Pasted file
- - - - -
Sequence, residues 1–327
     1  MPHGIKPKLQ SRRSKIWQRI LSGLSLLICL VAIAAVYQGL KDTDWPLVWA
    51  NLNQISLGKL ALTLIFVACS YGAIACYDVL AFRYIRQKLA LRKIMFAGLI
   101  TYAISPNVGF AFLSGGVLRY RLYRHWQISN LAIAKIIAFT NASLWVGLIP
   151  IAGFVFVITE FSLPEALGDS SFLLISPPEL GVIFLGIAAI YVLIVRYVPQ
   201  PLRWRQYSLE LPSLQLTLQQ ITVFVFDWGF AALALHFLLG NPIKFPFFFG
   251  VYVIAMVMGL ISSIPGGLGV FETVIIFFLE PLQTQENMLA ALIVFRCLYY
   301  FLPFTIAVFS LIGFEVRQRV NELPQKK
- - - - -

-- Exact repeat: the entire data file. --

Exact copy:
Sequence, residues 1–327
     1  MPHGIKPKLQ SRRSKIWQRI LSGLSLLICL VAIAAVYQGL KDTDWPLVWA
    51  NLNQISLGKL ALTLIFVACS YGAIACYDVL AFRYIRQKLA LRKIMFAGLI
   101  TYAISPNVGF AFLSGGVLRY RLYRHWQISN LAIAKIIAFT NASLWVGLIP
   151  IAGFVFVITE FSLPEALGDS SFLLISPPEL GVIFLGIAAI YVLIVRYVPQ
   201  PLRWRQYSLE LPSLQLTLQQ ITVFVFDWGF AALALHFLLG NPIKFPFFFG
   251  VYVIAMVMGL ISSIPGGLGV FETVIIFFLE PLQTQENMLA ALIVFRCLYY
   301  FLPFTIAVFS LIGFEVRQRV NELPQKK